I remember falling in love with you in 2003, twenty years ago, when Eric and I were intentionally searching for neighborhoods in Denver that had both a rich culture of racial diversity and an engaged and active commitment to true inclusivity. As we drove down your streets, we felt it right away – your friendliness and joyful curiosity about people of all colors and socio-economic classes. We saw it in the library, the coffee-shop and bakery, at pre-school, at our beloved “turtle park”, and out on the neighborhood streets as we first walked our dog, and then strolled with our babies. We greeted each other, stepped across the street or parkway to get to know one another, had block parties, and alley parties with music and food that everyone brought out to share. The longer I lived here, the more deeply I fell in love with you because I felt as if I belonged.
We had three opportunities to leave, each time when we outgrew our home as our family grew from two to four. And yet, although we knew that we could get a bigger house that was completely renovated with truly usable basement and attached garage etc. etc. we just couldn’t leave you because of your charm, your “homey-ness”, and your “real-ness”.
Today, as I look ahead to being an empty nester in three short years, I wonder whether our time together has run its course. All relationships end, and although it breaks my heart, I do wonder whether ours has too. We have lived in our current home for 12 years. Being on Monaco Parkway may not be everyone’s cup of tea but we have loved it! We would sit out with wine as the kids played in the front yard, wave at friends driving down the road, and chat with neighbors over the fence. When I missed the lush greenery of my home country, I would look out the window at the gorgeous parkway and 100+ year old trees and breathe a little deeper.
Over the years, the “face” of this neighborhood has changed. A study done in 2010 by the Piton Foundation found that South Park Hill was 84% white and not even 1% black. North Park Hill was 50% white and 39% black. I would venture to guess that today, these numbers are even more skewed as home prices have risen dramatically over the last 13 years. Many generations of families that grew up here are moving away because of rising prices and costs of improving these gorgeous historic homes. Rather than seeing if our older neighbors could use our help, I notice that these homes get snatched up by developers the moment the estate sale is finished, or get sold off market because “someone knew someone etc.”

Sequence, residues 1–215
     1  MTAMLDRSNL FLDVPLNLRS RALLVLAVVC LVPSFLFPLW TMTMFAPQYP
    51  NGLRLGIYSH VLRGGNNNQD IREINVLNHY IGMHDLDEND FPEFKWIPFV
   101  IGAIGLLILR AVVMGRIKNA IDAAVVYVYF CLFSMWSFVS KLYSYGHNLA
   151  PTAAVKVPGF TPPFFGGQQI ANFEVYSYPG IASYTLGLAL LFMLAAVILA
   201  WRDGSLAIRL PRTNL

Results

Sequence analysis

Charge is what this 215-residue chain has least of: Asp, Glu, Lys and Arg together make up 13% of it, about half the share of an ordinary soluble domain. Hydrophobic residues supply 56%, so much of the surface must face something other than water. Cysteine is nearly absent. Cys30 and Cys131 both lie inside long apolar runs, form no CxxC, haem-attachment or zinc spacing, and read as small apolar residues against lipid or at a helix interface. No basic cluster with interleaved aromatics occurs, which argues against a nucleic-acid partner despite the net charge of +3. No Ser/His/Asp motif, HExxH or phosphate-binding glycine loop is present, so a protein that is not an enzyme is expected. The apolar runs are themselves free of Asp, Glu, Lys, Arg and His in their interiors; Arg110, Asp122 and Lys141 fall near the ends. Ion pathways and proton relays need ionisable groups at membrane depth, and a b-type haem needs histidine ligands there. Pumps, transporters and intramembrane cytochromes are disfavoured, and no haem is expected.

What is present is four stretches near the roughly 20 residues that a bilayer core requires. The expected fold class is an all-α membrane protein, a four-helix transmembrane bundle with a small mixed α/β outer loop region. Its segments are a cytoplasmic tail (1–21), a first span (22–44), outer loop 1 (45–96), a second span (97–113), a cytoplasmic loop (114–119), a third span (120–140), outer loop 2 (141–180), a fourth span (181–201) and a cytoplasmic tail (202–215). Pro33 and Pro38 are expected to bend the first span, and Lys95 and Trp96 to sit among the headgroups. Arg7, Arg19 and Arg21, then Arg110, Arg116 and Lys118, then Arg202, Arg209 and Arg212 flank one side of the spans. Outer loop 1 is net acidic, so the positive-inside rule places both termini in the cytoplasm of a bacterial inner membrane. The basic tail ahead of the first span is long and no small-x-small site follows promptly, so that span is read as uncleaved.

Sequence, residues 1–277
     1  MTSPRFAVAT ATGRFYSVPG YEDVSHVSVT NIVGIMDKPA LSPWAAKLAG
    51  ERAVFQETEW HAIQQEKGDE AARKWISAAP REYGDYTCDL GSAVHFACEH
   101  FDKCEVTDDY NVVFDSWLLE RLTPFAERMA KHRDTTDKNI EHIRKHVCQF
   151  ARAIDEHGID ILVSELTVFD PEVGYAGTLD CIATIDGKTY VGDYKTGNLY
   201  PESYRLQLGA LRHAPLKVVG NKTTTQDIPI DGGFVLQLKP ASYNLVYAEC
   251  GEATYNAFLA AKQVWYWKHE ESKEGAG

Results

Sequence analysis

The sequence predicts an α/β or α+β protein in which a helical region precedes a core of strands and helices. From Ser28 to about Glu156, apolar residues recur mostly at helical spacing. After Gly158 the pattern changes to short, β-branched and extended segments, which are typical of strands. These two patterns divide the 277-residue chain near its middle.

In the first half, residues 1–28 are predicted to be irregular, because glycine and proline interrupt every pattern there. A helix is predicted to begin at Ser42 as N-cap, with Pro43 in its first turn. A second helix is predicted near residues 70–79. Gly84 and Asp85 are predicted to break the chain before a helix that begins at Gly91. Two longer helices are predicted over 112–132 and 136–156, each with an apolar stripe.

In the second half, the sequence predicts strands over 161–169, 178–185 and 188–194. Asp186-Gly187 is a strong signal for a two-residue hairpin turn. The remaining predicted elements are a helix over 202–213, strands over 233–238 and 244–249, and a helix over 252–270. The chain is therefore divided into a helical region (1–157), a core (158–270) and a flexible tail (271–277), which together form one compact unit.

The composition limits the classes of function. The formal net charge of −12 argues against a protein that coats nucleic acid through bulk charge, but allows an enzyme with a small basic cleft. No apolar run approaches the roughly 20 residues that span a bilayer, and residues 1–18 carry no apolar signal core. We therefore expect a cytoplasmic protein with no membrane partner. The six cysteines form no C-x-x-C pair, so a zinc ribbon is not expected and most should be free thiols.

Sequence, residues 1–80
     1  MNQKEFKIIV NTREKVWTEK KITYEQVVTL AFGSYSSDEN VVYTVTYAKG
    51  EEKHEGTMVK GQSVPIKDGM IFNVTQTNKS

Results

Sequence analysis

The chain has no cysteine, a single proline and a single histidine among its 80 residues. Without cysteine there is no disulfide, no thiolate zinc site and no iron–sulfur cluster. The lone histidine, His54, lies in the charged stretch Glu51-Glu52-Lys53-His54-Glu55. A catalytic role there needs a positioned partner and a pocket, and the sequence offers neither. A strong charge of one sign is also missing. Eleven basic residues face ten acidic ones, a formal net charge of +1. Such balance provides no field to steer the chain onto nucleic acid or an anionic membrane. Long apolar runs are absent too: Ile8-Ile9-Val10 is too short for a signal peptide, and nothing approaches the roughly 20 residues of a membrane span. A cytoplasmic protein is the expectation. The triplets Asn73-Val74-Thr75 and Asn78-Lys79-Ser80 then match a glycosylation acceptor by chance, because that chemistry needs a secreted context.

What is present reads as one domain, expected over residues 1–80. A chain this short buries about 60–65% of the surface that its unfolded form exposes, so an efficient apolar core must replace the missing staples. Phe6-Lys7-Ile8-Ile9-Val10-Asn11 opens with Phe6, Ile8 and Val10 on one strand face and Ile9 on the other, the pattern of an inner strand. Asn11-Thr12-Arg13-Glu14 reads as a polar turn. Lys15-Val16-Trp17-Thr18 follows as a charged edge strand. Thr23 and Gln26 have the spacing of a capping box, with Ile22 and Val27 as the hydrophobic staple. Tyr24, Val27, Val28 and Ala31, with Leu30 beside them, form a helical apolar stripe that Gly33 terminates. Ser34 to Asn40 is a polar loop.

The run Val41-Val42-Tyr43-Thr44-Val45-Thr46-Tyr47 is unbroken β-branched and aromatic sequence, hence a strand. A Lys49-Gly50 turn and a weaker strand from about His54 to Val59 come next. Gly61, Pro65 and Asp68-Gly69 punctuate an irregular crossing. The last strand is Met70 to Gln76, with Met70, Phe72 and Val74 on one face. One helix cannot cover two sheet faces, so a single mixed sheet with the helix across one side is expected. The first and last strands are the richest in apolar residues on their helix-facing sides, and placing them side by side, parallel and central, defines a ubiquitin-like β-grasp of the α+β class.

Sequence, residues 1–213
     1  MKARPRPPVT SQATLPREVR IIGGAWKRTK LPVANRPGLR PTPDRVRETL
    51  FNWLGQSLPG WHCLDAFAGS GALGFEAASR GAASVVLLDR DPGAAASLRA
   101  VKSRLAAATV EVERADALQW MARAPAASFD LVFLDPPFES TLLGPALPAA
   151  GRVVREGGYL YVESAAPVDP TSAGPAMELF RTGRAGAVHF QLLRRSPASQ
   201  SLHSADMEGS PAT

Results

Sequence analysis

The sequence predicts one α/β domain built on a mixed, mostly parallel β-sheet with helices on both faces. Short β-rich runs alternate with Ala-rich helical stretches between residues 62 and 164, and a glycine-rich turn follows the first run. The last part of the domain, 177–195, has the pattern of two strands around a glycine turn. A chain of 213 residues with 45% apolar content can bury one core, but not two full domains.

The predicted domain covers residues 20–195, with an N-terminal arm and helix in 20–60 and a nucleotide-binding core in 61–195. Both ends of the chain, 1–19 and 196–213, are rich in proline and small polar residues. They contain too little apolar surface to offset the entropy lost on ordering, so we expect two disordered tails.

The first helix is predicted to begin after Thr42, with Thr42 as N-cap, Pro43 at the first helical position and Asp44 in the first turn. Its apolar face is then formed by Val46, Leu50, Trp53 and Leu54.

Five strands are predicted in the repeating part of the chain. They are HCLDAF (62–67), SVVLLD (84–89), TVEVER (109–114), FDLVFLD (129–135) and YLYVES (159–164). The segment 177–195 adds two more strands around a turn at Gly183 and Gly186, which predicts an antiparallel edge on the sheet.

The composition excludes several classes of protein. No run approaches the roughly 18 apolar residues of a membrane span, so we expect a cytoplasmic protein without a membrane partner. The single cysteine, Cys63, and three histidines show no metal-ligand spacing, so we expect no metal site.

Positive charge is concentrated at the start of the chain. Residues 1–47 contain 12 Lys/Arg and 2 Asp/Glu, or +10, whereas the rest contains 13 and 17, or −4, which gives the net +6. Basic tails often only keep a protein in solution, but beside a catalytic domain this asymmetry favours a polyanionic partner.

As I walk along the tree-lined streets today, I see no people of color. That is not an exaggeration. I have grown to not expect to see people who look like me, where I live. The very air in this now whitewashed neighborhood has become thick with white privilege. The world around me does not reflect me or my kids. I do not enjoy the subconscious comfort of seeing a world that sees me as the “norm”. The occurrences of being “othered” are too many to count over the 20 years of living here and range from being mistaken for the only other person of color at a party to examples of implicit bias and white privilege exhibited by neighbors who by-pass even interviewing me about selling their home, even though we have chatted over the fence about their plans to downsize for many years.
So how can you do better, my beloved neighborhood? I believe it starts with acknowledging that you have a problem, a HUGE blind spot that makes you think that being an ally or anti-racist simply means putting a Black Lives Matter sign in your yard. It starts with looking inside your heart and your circles to see if you have more than a token black or brown friend, and then figuring out what to do about that. It starts with opening your doors and your thoughts to people of color whenever you can – in hiring, in finding play dates for your kids, and in inviting to your book clubs, bridge clubs or pickle ball teams. It starts with acknowledging when your actions have offended or hurt a person of color and apologizing when they have the courage to tell you when you have done them wrong. It starts with considering how your everyday actions and interactions uphold the underlying biases, behaviors and thought patterns that reinforce white privilege.
There are many amazing resources out there for anyone who is truly interested in changing the way they walk through this world, in ALL its colors. Park Hill, today, I ask that you begin with honesty and acceptance of how you have changed and decide whether you will honor your past and no longer remain silent in the face of racial bias. My beautiful first-born daughter shared her “radical freedom dream” with a group of young leaders at the Cities of America Conference last month. It was to live in a world where “diverse representation is a norm rather than a surprise”. Let’s work together to make her dream a reality, just like our neighbors Helen Wolcott and Anna Jo Haynes did in the 1960’s and 1970’s when they fought for integration at all levels in Denver. Let’s have block parties, dinners on our porches and real conversations about our implicit bias, and let’s invite people who don’t look like us to these gatherings. Let’s do better. Together.